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December 30, 2010  |   Comments (1)   |   Post a comment

Special-needs agency changes name to reflect focus of service


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AMARILLO, Texas — Effective Jan. 1, Texas Panhandle Mental Health Mental Retardation is changing its name to Texas Panhandle Centers — Behavioral and Developmental Health.

This change was made to better reflect the agency’s focus of service, and reflects its goal of erasing the stigma attached to intellectual disabilities, officials said.

The name change comes after many years of advocacy efforts and unanimous approval by the U.S. Congress of Rosa’s Law (S.2781), which was put into effect on Oct. 5, 2010. Inspired by Rosa Marcellino, a child with Down syndrome, Rosa’s Law directs the elimination of the term “mental retardation” (which in recent years has developed a negative connotation and is seen by many as stigmatizing) and replaces it with the term “intellectual disabilities” in federal health, education and labor statutes.

With this name change, Texas Panhandle Centers becomes one of a number of agencies that serve individuals with intellectual and developmental disabilities that are removing the "R word" from their names. 

The re-branding also reflects the continuing development of new services and prevention activities in the Texas Panhandle service area.  It also signifies the commitment of Texas Panhandle Centers to assuring access to quality services and support for area residents with intellectual and developmental disabilities, mental health and substance abuse issues, and chronic long term psychiatric conditions, according to officials. Services provided to area residents will not be affected by the name change.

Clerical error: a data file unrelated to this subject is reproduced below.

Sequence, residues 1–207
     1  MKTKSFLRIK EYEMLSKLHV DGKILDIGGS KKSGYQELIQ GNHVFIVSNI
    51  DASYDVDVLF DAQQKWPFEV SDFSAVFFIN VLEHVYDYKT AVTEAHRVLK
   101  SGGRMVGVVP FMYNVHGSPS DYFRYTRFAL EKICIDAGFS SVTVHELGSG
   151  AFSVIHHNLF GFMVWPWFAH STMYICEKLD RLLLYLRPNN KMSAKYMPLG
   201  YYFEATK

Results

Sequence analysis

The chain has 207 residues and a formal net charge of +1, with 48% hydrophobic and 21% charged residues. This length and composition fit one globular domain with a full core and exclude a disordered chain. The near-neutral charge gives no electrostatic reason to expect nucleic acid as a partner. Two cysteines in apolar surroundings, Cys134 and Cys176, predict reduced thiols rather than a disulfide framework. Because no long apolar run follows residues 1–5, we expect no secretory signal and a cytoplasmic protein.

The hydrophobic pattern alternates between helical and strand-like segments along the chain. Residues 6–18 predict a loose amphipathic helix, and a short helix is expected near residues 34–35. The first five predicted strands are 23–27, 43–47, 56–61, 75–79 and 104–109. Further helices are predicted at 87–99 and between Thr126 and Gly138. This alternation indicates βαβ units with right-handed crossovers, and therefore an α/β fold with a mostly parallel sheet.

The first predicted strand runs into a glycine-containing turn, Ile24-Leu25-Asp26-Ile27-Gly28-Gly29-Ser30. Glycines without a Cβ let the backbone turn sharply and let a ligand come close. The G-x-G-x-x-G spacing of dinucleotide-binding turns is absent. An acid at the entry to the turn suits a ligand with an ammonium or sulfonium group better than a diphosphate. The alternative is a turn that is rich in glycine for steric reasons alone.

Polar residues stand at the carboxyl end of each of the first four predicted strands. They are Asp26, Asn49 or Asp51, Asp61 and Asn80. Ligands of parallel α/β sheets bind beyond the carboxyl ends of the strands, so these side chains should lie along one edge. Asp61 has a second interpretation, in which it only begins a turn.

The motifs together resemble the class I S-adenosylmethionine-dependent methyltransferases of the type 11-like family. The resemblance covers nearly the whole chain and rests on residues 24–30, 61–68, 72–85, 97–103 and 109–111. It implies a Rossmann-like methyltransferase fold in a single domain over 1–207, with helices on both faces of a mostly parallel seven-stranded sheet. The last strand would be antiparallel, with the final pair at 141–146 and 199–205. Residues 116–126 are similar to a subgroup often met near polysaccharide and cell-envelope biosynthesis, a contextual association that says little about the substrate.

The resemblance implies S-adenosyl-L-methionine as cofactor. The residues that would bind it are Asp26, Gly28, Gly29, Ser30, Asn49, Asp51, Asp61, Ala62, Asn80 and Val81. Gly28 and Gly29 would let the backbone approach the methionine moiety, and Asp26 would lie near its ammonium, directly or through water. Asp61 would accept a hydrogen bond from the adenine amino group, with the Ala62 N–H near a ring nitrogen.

Texas Panhandle Centers began as two separate organizations in the mid 1960s, merging into one community center in 2000.  Texas Panhandle Centers provides services in the upper 21 counties of the Texas Panhandle to adults and children diagnosed with mental illness, intellectual and developmental disabilities or developmental delays. 

Moreover, the agency is a nonprofit 501(c)3 organization governed by a board of trustees whose membership is reflective of the entire service area. Regional mental health clinics, workshops for people with intellectual and developmental disabilities, afterschool and summer programs, and other programs addressing specific needs are located in Amarillo, Dumas, Borger, Hereford, Pampa, Perryton and Clarendon.


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Stigma? What stigma? Retardation is a condition and a fact, not a stigma. An intellectual’s label does not change respectfulness for others. We have one relative that is retarded and doing well, simply because his retardation was not used as an excuse to expect less than his best. His behavior is as respectful as anyone’s, his achievements throughout the years pretty amazing.

jkraemer    |    Jan 03, 2011 01:49 PM

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